J.J. Cale born John Weldon Cale on December 5, 1938, in Oklahoma City, Oklahoma. Cale is a Grammy Award winning singer songwriter and musician.
[ame="http://www.youtube.com/watch?v=i5Tiqv4Irjs"]YouTube - Eric Clapton/JJ Cale-After Midnight[/ame]
[ame="http://www.youtube.com/watch?v=l8uk7vlk0sE"]YouTube - Eric Clapton/JJ Cale-Call Me The Breeze[/ame]
[ame="http://www.youtube.com/watch?v=Fm-euFpRLMg"]YouTube - JJ Cale and Leon Russel - Going Down[/ame]
[ame="http://www.youtube.com/watch?v=WGnPxJl-DlM"]YouTube - JJ Cale & Leon Russell - I Got The Same Old Blues[/ame]
With his laid back rootsy style, J.J. Cale is best known for writing "After Midnight" and "Cocaine," songs that Eric Clapton later made into hits. But Cale's influence wasn't only through songwriting, his distinctly loping sense of rhythm and shuffling boogie became the blueprint for the adult oriented roots rock of Clapton and Mark Knopfler, among others. Cale's refusal to vary the sound of his music over the course of his career caused some critics to label him as a one trick pony, but he managed to build a dedicated cult following with his sporadically released recordings.
Born in Oklahoma City but raised in Tulsa, OK, Cale played in a variety of rock & roll bands and Western swing groups as a teenager, including one band that also featured Leon Russell. In 1959, at the age of 21, he moved to Nashville, where he was hired by the Grand Ole Opry's touring company. After a few years, he returned to Tulsa, where he reunited with Russell and began playing local clubs. In 1964, Cale and Russell moved to Los Angeles.
Cale is one of the originators of the Tulsa Sound, a very loose genre drawing on blues, rockabilly, country, and jazz influences. Cale's personal style has often been described as "laid back", and is characterized by shuffle rhythms, simple chord changes, understated vocals, and clever, incisive lyrics. Cale is also a very distinctive and idiosyncratic guitarist, incorporating both Travis like fingerpicking and gentle, meandering electric solos. His recordings also reflect his stripped down, laid back ethos, his album versions are usually quite succinct and often recorded entirely by Cale alone, using drum machines for rhythm accompaniment. Live, however, as evidenced on his 2001 Live album and 2006 To Tulsa And Back film, he and his band regularly stretch the songs out and improvise heavily.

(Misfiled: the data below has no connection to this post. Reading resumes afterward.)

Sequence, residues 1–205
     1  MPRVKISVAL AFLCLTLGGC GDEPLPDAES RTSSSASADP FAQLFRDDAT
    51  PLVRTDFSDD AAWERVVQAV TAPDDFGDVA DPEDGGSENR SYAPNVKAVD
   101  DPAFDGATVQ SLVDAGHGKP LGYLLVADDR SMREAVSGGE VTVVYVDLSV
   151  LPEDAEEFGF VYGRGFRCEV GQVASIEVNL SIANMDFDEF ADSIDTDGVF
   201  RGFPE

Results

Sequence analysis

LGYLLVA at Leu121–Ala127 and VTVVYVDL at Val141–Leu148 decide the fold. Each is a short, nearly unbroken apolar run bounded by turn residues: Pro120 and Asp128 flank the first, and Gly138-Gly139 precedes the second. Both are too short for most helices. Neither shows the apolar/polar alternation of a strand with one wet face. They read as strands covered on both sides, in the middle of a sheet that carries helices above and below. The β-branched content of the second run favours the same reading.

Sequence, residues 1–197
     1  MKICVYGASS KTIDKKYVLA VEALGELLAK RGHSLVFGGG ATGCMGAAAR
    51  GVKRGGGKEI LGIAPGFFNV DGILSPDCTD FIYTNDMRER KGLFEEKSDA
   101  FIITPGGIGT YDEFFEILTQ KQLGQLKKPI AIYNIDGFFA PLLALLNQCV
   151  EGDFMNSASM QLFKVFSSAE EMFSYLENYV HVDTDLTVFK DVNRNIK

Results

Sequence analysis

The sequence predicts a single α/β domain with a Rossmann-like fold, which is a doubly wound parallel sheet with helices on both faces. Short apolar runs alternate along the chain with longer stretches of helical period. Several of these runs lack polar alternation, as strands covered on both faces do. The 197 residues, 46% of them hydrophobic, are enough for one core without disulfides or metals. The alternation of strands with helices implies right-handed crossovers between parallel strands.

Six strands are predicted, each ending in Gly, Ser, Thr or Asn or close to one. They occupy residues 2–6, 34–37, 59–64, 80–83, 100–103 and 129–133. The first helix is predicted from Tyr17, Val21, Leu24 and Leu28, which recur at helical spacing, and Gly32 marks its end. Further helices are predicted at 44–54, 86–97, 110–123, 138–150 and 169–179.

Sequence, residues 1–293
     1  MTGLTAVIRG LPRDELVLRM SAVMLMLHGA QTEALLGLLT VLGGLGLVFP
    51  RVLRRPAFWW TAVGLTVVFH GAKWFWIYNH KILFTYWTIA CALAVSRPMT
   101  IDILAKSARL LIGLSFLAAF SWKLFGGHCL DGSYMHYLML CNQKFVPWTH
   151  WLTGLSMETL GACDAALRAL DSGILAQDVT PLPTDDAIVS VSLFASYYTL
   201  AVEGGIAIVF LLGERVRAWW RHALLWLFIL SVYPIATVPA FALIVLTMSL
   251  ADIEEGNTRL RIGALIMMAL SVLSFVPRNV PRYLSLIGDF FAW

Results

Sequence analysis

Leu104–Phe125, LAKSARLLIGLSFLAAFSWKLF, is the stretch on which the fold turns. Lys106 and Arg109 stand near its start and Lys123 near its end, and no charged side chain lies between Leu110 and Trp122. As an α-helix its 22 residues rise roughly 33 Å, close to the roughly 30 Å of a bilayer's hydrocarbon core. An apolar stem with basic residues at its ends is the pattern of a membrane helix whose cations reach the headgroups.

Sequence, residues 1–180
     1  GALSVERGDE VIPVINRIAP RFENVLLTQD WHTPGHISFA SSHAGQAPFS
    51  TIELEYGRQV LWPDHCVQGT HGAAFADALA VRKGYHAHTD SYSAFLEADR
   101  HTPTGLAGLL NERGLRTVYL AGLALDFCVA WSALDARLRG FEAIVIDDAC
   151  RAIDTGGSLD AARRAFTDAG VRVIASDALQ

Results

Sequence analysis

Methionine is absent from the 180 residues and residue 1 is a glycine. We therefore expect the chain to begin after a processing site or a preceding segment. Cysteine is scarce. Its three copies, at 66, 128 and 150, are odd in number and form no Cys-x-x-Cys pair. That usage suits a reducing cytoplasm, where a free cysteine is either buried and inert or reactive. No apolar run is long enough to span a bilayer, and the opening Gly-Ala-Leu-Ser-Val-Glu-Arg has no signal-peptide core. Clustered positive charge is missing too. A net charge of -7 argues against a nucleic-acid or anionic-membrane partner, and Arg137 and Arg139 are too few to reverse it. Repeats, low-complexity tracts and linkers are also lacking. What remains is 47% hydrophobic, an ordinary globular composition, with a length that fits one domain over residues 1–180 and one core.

Cale is also well known for his longstanding aversion to stardom, extensive touring, and even continual recording. He has happily remained a relatively obscure cult artist for the last 35 years.
The release of his album, To Tulsa and Back in 2004, his appearance at Clapton's Crossroads Guitar Festival, and the 2006 release of the film documentary, To Tulsa and Back: On Tour with J.J. Cale, have brought his understated discography and songwriting to a new audience. This mainstream exposure continued into late 2006 with the release of a collaborative album with Eric Clapton, The Road to Escondido, which won Best Contemporary Blues Album at the 50th Grammy Awards in 2008. February 2009 saw the release of his 23rd album, Roll On, including the previously unreleased title track recorded with Eric Clapton.
His songs have been performed by a number of other musicians; "Magnolia" by Poco, "After Midnight" and "Cocaine" by Eric Clapton, "Bringing It Back" by Kansas, "Call Me the Breeze" and "I Got the Same Old Blues" by Lynyrd Skynyrd, and "Travelin' Light" by Widespread Panic.
Source: Bio and JJ Cale Fan Network .home
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